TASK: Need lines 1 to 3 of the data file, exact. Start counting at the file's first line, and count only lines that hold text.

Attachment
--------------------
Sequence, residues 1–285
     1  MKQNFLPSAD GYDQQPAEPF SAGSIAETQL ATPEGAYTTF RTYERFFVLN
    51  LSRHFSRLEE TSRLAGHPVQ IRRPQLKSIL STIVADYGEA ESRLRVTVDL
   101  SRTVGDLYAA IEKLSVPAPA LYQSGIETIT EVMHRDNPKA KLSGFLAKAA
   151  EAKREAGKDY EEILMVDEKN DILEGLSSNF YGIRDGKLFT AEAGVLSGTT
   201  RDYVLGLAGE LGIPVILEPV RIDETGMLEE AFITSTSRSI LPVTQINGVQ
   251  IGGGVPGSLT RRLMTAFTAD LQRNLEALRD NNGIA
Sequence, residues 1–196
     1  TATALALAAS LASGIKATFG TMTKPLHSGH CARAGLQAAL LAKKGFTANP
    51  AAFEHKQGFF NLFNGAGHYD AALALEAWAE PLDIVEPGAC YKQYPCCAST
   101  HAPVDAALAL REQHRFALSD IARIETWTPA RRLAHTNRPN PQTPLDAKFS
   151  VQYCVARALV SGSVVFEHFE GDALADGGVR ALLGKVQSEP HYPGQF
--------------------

Sequence, residues 1–285
     1  MKQNFLPSAD GYDQQPAEPF SAGSIAETQL ATPEGAYTTF RTYERFFVLN
    51  LSRHFSRLEE TSRLAGHPVQ IRRPQLKSIL STIVADYGEA ESRLRVTVDL